EMV chip card readers have cut retailers’ risk from fraudsters using counterfeit cards to buy gift cards. As a result there are fewer restrictions on gift card purchases.
If you are buying a gift card as a last-minute holiday gift, they are easier to purchase with credit cards than a year ago.
The reason for the change: More retailers have payment terminals that read chip cards.
“Merchants that are not yet enabled to accept EMV chip cards are at a higher risk of fraudsters using counterfeit cards to purchase gift cards,” says Randy Vanderhoof, director of the U.S. Payments Forum.
“With 55 percent of spend now on chip cards and 96 percent of the top 200 merchants now accepting chip payments, there are fewer merchants restricting sales of gift cards for fraud reasons this year,” he says.
Gift card purchase limits cut fraud, but hamper consumers
In 2016, concerns about fraud led some merchants – notably merchants that had not switched to EMV – to restrict or bar the use of credit cards to purchase gift cards. Instead, shoppers sometimes had to pay with cash or use debit cards with PINs.
“For example, some merchants required high denomination gift cards to be purchased with cash,” says Colleen Dorwart, chair of the Retail Gift Card Association.
“Consumers who may not have had the cash on hand at the time of purchase may have had to take an extra step as a workaround, and not all of them completed the purchase if they had to go withdraw cash from an ATM.”
At the end of 2016, 14 percent of midsize and large retailers did not have EMV in place, according to the National Retail Federation (NRF). In 2017, 99 percent of midsize and large retailers and 81 percent of smaller retailers expect to have EMV in place by the end of the year.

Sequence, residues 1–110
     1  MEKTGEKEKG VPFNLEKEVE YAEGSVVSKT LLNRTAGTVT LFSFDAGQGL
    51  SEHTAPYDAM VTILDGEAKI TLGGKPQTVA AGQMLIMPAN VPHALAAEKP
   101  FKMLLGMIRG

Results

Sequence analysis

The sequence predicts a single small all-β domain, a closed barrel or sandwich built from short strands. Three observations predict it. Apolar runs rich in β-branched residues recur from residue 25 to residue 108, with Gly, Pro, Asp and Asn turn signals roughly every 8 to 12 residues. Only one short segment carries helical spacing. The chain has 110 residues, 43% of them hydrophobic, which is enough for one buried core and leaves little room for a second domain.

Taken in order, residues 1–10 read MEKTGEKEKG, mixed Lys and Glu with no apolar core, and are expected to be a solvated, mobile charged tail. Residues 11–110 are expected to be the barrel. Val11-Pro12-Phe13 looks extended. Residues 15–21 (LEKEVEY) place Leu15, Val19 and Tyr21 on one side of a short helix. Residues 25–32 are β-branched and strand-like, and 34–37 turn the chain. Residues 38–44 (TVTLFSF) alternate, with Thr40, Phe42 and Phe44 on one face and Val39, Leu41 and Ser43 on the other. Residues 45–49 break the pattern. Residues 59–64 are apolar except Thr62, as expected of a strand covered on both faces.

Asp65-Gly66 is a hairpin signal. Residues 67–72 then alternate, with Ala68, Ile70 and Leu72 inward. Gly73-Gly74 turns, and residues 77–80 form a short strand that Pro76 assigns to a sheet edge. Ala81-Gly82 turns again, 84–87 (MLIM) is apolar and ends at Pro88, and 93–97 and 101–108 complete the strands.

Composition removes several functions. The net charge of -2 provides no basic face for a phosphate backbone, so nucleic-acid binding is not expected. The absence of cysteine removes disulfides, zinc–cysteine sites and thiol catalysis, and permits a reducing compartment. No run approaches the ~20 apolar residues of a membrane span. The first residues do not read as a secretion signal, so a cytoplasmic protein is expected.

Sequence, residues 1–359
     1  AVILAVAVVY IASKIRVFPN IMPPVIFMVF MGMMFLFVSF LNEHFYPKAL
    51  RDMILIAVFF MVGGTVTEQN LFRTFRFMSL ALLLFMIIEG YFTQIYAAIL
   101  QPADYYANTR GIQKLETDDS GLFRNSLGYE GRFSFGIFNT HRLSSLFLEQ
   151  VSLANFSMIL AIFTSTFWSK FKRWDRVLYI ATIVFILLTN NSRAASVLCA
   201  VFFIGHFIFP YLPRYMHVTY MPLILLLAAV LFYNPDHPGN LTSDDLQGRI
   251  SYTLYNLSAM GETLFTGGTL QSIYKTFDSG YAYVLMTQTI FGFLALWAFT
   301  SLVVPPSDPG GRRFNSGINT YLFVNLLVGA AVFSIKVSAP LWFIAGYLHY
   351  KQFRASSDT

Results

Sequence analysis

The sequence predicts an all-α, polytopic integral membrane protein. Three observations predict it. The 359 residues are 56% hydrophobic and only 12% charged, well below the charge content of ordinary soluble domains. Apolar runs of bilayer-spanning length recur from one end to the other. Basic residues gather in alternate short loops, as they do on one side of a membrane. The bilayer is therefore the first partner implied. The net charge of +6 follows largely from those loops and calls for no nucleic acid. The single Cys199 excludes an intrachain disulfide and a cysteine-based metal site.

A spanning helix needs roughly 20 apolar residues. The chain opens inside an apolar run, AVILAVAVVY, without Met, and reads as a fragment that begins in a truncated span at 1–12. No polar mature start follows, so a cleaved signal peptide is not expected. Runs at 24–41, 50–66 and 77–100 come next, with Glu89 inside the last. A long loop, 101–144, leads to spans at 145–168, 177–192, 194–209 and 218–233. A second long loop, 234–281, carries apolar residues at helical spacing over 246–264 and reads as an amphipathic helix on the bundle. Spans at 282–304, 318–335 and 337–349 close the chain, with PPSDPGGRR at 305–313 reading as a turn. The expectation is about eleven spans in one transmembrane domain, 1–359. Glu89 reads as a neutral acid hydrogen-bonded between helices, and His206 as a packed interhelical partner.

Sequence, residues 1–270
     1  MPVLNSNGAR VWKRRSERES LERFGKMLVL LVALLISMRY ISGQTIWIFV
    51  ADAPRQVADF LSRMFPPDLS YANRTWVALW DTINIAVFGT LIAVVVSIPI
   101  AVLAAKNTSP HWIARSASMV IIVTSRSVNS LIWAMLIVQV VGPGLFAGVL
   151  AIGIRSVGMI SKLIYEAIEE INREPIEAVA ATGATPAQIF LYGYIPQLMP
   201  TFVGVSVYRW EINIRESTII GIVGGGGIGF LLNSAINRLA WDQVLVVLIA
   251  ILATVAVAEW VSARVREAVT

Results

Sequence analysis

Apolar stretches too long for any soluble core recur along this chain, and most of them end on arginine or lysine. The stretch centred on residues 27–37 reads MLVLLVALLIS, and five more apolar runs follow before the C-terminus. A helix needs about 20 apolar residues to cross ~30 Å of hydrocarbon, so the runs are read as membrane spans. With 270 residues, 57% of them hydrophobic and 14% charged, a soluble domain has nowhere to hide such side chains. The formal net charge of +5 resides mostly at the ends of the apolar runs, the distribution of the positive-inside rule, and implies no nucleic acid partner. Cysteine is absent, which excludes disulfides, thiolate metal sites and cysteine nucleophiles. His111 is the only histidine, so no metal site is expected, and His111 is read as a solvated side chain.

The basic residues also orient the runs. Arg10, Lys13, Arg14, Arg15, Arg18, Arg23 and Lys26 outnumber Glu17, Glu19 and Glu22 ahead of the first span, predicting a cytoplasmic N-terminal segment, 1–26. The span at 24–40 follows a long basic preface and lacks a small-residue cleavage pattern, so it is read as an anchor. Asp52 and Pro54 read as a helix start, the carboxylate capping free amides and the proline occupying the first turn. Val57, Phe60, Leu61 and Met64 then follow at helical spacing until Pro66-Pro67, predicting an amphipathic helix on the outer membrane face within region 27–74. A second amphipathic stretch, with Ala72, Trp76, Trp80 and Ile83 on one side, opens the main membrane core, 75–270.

Gift cards a favorite among fraudsters
Gift cards, in addition to being coveted holiday presents, are also popular among criminals who buy them with counterfeit credit cards, says NRF spokesman J. Craig Shearman.
“Long before EMV, criminals with a counterfeit credit card would purchase gift cards as a means of money laundering, taking that counterfeit credit card and turning it into an actual legitimate gift card,” he says.
Crooks will use a stolen credit card – or (in the case of online purchases) a credit card number – and quickly buy a bunch of gift cards or prepaid cards, before the stolen or compromised credit card is frozen or deactivated.
These illegally obtained gift cards can then be sold on gift card exchange sites, essentially giving the scammer a way to turn a stolen credit card into quick cash.
A criminal enterprise could send 10 people out every day to each buy 10, $100 card gifts. “That’s $10,000 in fraud risk,” Shearman says.
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“Once EMV came along, some banks became lax about investigating disputed charges when the retailer did not have chip readers,” Shearman said. “Criminals quickly became aware of that.
“Retailers started seeing an increase in the number of gift card purchases that turned out to be made with fraudulent credit cards at the end of 2015 and early 2016.”
“EMV rollout in the United States was a disaster,” said Greg Ferrara, senior vice president government relations and public affairs at the National Grocers Association. “Chargebacks were a major issue and one that our members continue to monitor.”
Some gift card purchase limits remain
A few retailers still have restrictions on gift card purchases, so check out the policies of the stores where you intend to make a purchase. Some grocery stores may require gift card purchases to be completed at the customer service counter, adds Ferrara.
“Fortunately, honest consumers understand that certain, sometimes inconvenient steps, are implemented for their protection since fraudsters tend to exploit businesses and shoppers alike,” Dorwart said.
See related: 7 things you need to know about gift cards, Gift cards: What to do when a retailer files for bankruptcy, Gift cards: Fees, expiration regulated by U.S. laws, Discounts: 8 ways to get gift cards for less, How to replace a lost or stolen gift card